Segbwema, Kailahun District, Sierra Leone
Tuesday, June 13, 2017—Dispatch 4
By Randy Thomas Jones
Friday afternoon, after our visit to the Nixon Memorial hospital, we hit the ground running again, getting some possible candidates for the positions of surveyors and drivers. The surveyors have to have a working Android phone that can take a GPS point. We get them to download the Open Data Kit app (ODK for short) and install it. Then they have to find a simple survey: “Surveyor’s Registration.” Name, address, phone number, GPS point. If they can do that, they are still in the field. Five of them are successful, though the group is salted with a couple of ringers.
Alberta and Stanley were both involved in mapping projects that happened following the Ebola outbreak in 2014. They know the ropes, and it is important to get them assisting with training and informal leadership. That provides a level of redundancy, the opportunity to refine instructions in the nuances of the local language, and provides aspirational models for the other new candidates. With us also, from Freetown, has been Richard Bockarie, a Sierra Leonean with a variety of relevant skills. He’s done mapping before as well, and even knows how to do some of the programming behind the scenes; he can be an asset to the project.
Along the way, I’ve again had the pleasure of learning from Ivan some of the history of computer programming. It isn’t directly relevant to the daily tasks of painstakingly asking for a receipt for every purchase, the obligatory defeat of dehydration that forces a stop to pick up bottled water, the endless need for a catlike agility to deal with simple unexpected circumstances, but it is good to know a little bit about the subject because it is an important thing philosophically for the project and our partners.
The argument is structured around perceptions of the value of information, technology, and programming. Early on, most people in computing thought that programming would be a part of computers that no one would pay for, and that the value was in the hardware. Later, it became apparent that the programming had economic value after all. But one of the early designers of computing wanted to buck the trend that was developing toward proprietary programming.
‘Free,’ yet ‘priceless’ maps, can save lives.
There was one strong ethic in the early computing development of free-wheeling creativity—if you want it, go ahead, make it up for yourself . . . and for everyone else as well. If someone adds to what you have done, fantastic, you will probably borrow something that they have made next week. It is a share and share-alike community. Along the way, the phrase “information wants to be free” emerged as a slogan. Information wants to be free doesn’t mean free of charge, it means free to move, be utilized, be accessible. Here is where we loop back around to the value of humanitarian mapping. Maps, Ivan would say, also want to be free. They paradoxically get more valuable as time passes when they are available to use as a part of public infrastructure, especially when used as a foundation for the improvement of public health. “Free,” yet “priceless” maps, can save lives.
Returning from one of his MSF missions in 2013, Gayton was ready for a desk job in London, England. (He had also acquired a family by this point). The year was 2014. He walked to work with enthusiasm the first day and settled in looking for the same background base maps that he had seen in Haiti 4 years earlier. But by the end of the first week, he realized that there was no background maps like there had been in Haiti from the intense contribution made by the digital humanitarians of the Humanitarian OpenStreetMap Team and Haitians living in the US. In most other areas, there is no strong expat group of diaspora who had taken up the task. The situation was unacceptable to Gayton, and after a little more cross checking, his suspicions were confirmed—the early seeds of a plan started forming. Let’s return later to that, and jump back to Sierra Leone where we are beginning to implement some of the ideas that started developing that day back in London.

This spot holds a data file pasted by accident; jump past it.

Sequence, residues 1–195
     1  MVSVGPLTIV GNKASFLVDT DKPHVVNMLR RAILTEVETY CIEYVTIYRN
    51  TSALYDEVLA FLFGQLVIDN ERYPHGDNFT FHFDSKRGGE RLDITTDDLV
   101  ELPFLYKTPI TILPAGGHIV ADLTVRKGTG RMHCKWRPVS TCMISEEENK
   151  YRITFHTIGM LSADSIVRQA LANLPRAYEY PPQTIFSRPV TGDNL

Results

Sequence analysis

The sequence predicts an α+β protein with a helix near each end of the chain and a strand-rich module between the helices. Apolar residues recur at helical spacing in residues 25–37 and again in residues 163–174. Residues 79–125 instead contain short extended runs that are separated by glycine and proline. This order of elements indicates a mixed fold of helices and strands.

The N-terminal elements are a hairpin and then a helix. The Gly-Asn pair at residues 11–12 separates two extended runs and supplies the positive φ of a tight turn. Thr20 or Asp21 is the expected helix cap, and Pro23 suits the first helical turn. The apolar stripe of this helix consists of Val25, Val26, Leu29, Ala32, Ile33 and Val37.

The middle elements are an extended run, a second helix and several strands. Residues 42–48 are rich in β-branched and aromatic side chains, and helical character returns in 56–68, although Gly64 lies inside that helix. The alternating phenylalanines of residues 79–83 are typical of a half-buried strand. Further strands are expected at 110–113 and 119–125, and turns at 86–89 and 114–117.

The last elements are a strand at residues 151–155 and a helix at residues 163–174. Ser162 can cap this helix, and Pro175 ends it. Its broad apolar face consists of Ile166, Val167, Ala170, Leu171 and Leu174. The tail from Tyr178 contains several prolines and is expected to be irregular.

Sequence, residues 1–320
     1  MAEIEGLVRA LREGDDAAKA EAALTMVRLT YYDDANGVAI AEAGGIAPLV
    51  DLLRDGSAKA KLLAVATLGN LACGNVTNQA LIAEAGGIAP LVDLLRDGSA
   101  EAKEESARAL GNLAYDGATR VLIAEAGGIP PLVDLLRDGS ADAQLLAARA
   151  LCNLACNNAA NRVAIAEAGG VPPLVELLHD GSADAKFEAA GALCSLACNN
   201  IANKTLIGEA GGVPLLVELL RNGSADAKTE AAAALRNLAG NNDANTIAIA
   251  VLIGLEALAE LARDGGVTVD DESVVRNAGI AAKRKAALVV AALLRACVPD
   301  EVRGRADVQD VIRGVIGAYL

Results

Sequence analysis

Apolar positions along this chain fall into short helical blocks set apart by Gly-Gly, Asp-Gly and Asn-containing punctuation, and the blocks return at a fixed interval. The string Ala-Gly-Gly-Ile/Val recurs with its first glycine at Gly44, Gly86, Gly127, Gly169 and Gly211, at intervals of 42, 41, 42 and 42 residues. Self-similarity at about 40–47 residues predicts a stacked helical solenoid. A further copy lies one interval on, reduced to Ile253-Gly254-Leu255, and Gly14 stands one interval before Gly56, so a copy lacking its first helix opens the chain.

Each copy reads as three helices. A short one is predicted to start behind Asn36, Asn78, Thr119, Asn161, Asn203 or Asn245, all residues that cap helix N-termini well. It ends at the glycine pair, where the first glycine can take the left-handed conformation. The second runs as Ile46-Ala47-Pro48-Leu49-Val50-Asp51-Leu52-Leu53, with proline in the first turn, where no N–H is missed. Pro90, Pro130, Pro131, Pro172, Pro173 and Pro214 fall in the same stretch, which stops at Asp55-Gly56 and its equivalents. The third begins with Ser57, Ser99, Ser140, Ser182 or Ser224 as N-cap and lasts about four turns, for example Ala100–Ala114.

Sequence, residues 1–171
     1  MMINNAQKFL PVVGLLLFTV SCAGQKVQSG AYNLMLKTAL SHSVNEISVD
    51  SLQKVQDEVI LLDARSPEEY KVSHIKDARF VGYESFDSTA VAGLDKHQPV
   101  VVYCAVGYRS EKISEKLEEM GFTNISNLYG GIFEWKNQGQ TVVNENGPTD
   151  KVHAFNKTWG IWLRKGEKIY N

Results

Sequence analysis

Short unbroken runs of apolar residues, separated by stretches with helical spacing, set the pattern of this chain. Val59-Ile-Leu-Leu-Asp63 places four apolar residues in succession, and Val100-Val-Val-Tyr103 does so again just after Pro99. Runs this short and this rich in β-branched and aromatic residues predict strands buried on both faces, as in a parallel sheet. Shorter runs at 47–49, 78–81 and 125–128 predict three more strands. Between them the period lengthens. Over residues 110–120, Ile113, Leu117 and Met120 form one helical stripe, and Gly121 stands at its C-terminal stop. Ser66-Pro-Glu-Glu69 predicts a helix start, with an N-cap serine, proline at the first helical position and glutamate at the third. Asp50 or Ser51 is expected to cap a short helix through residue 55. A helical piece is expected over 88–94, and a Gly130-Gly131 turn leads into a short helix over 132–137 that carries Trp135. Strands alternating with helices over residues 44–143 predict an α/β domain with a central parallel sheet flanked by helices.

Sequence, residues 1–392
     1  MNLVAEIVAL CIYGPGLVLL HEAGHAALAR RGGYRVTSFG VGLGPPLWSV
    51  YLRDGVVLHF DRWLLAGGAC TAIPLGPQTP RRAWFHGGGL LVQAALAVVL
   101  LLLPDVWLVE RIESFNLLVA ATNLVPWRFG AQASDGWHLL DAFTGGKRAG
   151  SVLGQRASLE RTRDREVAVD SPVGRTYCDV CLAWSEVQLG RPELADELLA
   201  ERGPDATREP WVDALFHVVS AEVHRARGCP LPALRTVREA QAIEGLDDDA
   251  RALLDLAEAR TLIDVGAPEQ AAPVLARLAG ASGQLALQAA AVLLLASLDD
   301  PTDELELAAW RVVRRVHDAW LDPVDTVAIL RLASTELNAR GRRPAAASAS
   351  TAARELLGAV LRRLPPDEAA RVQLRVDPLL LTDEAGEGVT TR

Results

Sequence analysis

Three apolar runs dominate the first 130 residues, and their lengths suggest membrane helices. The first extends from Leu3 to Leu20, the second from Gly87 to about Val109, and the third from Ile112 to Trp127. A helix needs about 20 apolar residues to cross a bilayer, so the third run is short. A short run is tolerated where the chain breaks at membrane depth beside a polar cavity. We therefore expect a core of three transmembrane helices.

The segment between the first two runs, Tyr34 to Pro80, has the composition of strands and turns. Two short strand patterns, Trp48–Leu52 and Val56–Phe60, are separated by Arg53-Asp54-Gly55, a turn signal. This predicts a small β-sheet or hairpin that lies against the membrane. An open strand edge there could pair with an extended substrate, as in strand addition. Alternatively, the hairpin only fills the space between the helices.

It is only our second day on the ground in Segbwema, a town of perhaps a thousand people, but we must return to Kenema in our first attempt to deal with our technical problems. There is actually no electricity during the day, though the Nixon Hospital is able to light up the town in the evening because they have a field of solar panels. We pay extra for a generator, but somehow the fuel, much to my dismay, it doesn’t actually last until the promised 7:00 am, only until 5, when I happily awake ready for coffee that I can’t make because I have neither coffee nor hot water. During a later sojourn for supplies, I manage to find powdered instant coffee (typical in West Africa), and powdered milk. It is at the electrical equipment store, which is tracked down with the usual quick few referrals, that I come upon a plug in kettle. I also manage to secure my packets of instant Nescafé coffee.
We’re not at the electrical store for the kettle that I covet; we are in a rush to set up an independent power supply so that our high tech equipment will work. Happily, they have a battery Ivan is content with, and an inverter. The inverter is a 12V to 220V Alternating Current unit. When we do have power, we will be able to plug in and recharge the battery, (a 12 V 100 amp hour unit, which is twice the size of a car battery, that proclaims its ability to operate at 25 degrees Celsius). I think we will certainly be able to manage the temperature requirement here in tropical Sierra Leone, and when we don’t have power, in theory, we’ll be able to plug in phones and computers to recharge . . . to some degree, as it is said. They also offer us a solar panel, and it does cross my mind to enquire whether it would provide enough juice for my kettle, but my attention is quickly drawn towards the next step in our adventure.